Permaculture design is essentially applied ecology for human development. It studies and teaches how life relates to place, with the object of sustaining that life and that place. A lot of the literature within Permaculture Design centers on the infrastructure development of building, landscape, and agricultural systems. It most often highlights the agricultural side, with ideas and methods of learning how to integrate human agricultural systems with the larger ecology of life on earth.
But interestingly, the focus on agricultural systems within Permaculture Design methodologies often only lightly brushes post-harvest food handling and cuisine development. The general thinking is that once people understand food production as a functional part of ecological systems, they will be able to grow more food. This has been very successful for many people, with one caveat—growing plants, animals, or microbial species that are edible does not mean you are growing food that is ready to eat. A a plot of wheat and a chicken pecking bugs can be wonderful parts of an agricultural ecosystem, but if you want a chicken sandwich there is still a lot of work to do.
Over the last nine years I've worked with two farms and education centers who dedicated themselves to the process of farm-to-table food production—one in temperate Massachusetts, and the other in tropical Costa Rica. This allowed me to study and practice food preservation and processing across climates, and see the similarities and differences that unfolded.
At Rancho Mastatal in Costa Rica, even very common foods, like malanga, tiquisque, cuadrados, pejibaye, and chaya were all new to us. And what do you do with a sudden hundred pounds of ripe bananas? At Round the Bend Farm in Massachusetts, we needed to preserve large quantities of food seasonally to last the winter, in a way that was totally different than in the tropics. We also transitioned from a home-scale cooking facility to one which could serve hundreds, and had to scale our systems up to meet new demands. At both organizations, it took us a lot of time, and a lot of trial and error, to acquire the skills, tools, and labor to do these things. And to do these things efficiently, it took structured seasonal planning. The teaspoon of ginger you need now in your recipe had to be grown a year ago, then harvested, dried, powdered, and stored. We had to learn how to organize ourselves in relation to local food, in ways that were intrinsically different from how we used to organize ourselves in relation to globalized foods.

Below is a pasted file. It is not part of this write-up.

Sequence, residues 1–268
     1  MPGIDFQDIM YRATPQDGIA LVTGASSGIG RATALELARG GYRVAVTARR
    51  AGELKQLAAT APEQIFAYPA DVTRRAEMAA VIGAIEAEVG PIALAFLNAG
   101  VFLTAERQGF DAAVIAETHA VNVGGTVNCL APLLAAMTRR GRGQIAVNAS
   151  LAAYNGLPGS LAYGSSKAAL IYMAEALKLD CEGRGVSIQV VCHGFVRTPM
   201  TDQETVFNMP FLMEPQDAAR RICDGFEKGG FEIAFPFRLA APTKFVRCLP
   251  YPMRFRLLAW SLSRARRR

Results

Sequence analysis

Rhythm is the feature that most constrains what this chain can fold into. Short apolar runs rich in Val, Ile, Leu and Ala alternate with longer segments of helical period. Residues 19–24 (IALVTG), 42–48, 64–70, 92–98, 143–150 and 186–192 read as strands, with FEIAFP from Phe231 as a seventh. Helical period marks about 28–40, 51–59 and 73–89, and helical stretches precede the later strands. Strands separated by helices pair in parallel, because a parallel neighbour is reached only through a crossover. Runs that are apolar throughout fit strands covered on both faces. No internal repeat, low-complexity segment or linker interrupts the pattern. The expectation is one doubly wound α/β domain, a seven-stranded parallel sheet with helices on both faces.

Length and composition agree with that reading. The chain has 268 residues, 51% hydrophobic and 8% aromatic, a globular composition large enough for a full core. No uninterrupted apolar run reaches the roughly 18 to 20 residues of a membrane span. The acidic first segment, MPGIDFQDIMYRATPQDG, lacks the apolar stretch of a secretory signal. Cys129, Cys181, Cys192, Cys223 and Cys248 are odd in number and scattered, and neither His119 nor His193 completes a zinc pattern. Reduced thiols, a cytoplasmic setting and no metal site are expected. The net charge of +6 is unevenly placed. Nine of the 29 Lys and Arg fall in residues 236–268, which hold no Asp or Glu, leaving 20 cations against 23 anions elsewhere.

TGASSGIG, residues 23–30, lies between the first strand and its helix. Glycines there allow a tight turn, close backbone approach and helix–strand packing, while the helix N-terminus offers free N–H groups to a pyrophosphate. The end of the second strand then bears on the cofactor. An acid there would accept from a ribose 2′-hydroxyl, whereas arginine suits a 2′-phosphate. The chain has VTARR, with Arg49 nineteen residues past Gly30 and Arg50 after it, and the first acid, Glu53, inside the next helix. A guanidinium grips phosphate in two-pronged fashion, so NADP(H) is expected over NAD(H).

The human element of how we interacted with food based on our personal and cultural backgrounds was another huge piece of the puzzle for local eating, especially in Costa Rica. We craved western-style bread products; people didn't always like Costa Rican cuisine; some people were afraid of new foods like fermented bananas. Eating locally meant coming to terms with the cultural references for desirability of foods we had brought with us, in relation to the ecological and cultural backdrop of a new country and climate. We had to adapt ourselves to new styles of cuisine, and adapt that cuisine to ourselves as newcomers.